Yield On Cost (YOC)

What is ‘Yield On Cost – YOC’

The annual dividend rate of a security divided by the average cost basis of the investments. It shows the dividend yield of the original investment. If the number of shares owned by the investor does not change, the yield on cost will increase if the company increases the dividend it pays to shareholders; otherwise it will remain the same.

To calculate yield on cost for a stock, an investor must divide the stock’s annual dividend by the average cost basis per share and multiple the resulting number by 100 (to get a percentage).

For example, an investor who purchased 10 shares of stock at $15 and 20 shares at $18 would have an average cost basis of $17/share ($15*10 + $18*20)/(10 + 20). If the annual dividend is $0.90 per share, the yield on cost would be 5.29% ($0.90/$17 * 100).

Explaining ‘Yield On Cost – YOC’

Because the yield on cost depends on the price paid for the investment, the same stock portfolio can have a different yield on cost if shares are purchased over a period of time. Many investors focus instead on current yield when comparing the dividends of different stocks.

Further Reading

  • Economic feasibility assessment of rice straw utilization for electricity generating through combustion in Thailand – www.sciencedirect.com [PDF]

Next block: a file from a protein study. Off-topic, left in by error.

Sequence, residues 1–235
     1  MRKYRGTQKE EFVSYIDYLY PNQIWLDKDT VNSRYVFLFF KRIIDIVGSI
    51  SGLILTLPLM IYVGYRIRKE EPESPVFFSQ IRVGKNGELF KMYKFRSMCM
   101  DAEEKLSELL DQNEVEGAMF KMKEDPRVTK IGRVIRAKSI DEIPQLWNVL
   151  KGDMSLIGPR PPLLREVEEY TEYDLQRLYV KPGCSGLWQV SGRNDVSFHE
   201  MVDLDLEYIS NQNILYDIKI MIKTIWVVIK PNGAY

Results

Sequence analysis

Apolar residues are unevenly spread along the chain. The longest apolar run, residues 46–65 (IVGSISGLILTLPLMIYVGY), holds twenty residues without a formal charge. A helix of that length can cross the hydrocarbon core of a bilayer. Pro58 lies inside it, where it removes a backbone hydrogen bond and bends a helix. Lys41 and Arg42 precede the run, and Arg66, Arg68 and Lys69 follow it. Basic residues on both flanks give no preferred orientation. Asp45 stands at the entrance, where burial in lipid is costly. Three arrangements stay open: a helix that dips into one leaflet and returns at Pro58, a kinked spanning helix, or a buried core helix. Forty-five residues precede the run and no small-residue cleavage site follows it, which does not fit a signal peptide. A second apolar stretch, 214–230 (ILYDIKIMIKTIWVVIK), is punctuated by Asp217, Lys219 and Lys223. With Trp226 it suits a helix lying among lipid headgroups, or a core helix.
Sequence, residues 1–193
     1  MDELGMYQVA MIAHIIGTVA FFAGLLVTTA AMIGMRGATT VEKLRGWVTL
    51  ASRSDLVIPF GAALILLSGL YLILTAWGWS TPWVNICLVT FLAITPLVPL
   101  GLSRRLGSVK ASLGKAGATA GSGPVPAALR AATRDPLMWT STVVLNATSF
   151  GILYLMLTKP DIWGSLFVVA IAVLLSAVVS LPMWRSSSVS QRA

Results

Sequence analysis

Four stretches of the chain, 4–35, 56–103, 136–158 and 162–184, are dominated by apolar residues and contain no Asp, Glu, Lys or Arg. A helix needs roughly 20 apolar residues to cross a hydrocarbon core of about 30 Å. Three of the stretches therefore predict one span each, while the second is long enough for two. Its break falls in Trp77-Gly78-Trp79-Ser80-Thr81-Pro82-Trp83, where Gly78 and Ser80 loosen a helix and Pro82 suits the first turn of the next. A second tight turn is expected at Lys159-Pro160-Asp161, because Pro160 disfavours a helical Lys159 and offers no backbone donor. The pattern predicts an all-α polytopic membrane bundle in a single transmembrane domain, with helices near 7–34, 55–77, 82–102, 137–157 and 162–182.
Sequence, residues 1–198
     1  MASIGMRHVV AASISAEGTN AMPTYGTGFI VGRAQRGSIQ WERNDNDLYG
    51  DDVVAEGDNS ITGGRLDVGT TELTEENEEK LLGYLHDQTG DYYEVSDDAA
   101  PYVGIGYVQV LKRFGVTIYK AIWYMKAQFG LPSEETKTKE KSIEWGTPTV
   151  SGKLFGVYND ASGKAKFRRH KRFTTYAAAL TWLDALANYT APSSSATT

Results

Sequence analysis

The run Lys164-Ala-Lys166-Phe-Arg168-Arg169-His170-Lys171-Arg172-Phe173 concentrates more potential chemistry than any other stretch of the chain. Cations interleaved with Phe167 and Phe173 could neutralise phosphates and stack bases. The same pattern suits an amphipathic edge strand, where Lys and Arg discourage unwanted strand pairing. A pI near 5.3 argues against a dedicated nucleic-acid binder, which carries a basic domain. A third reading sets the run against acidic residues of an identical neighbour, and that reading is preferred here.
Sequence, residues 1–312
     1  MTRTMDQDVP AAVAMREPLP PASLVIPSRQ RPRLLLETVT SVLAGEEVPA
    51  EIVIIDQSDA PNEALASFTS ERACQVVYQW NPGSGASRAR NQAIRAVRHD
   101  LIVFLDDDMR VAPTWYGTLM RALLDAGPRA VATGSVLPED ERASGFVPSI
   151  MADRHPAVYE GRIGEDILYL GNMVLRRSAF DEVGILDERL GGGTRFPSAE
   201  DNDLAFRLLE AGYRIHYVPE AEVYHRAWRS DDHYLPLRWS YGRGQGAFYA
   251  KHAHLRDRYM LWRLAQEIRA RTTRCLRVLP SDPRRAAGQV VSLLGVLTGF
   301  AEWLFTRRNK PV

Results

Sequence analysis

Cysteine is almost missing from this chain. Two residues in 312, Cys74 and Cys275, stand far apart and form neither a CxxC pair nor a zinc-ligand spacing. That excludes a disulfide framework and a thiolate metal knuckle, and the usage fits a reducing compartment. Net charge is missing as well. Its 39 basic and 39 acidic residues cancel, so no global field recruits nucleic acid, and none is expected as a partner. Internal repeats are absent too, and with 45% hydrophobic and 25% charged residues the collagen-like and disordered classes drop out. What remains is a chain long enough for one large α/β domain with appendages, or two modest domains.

• An ABC-based cost model with inventory and order level costs: a comparison with TOC – www.tandfonline.com [PDF]
  • The economic feasibility of precision agriculture in Mato Grosso do Sul State, Brazil: a case study – link.springer.com [PDF]
  • Finance and growth in a bank-based economy: Is it quantity or quality that matters? – www.sciencedirect.com [PDF]
  • Economic feasibility and environmental impact of synthetic spider silk production from escherichia coli – www.sciencedirect.com [PDF]
  • Economics of biomass energy utilization in combustion and gasification plants: effects of logistic variables – www.sciencedirect.com [PDF]
  • Synthetic natural gas via integrated high-temperature electrolysis and methanation: Part II—Economic analysis – www.sciencedirect.com [PDF]